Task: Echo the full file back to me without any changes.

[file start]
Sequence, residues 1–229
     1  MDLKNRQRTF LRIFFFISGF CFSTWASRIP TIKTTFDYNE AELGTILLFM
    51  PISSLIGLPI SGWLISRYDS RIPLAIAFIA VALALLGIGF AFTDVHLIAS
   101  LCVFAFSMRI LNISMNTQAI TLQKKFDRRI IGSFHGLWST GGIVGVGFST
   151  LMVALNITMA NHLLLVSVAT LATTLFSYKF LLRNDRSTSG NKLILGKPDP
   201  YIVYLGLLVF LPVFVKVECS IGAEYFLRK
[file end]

Sequence, residues 1–229
     1  MDLKNRQRTF LRIFFFISGF CFSTWASRIP TIKTTFDYNE AELGTILLFM
    51  PISSLIGLPI SGWLISRYDS RIPLAIAFIA VALALLGIGF AFTDVHLIAS
   101  LCVFAFSMRI LNISMNTQAI TLQKKFDRRI IGSFHGLWST GGIVGVGFST
   151  LMVALNITMA NHLLLVSVAT LATTLFSYKF LLRNDRSTSG NKLILGKPDP
   201  YIVYLGLLVF LPVFVKVECS IGAEYFLRK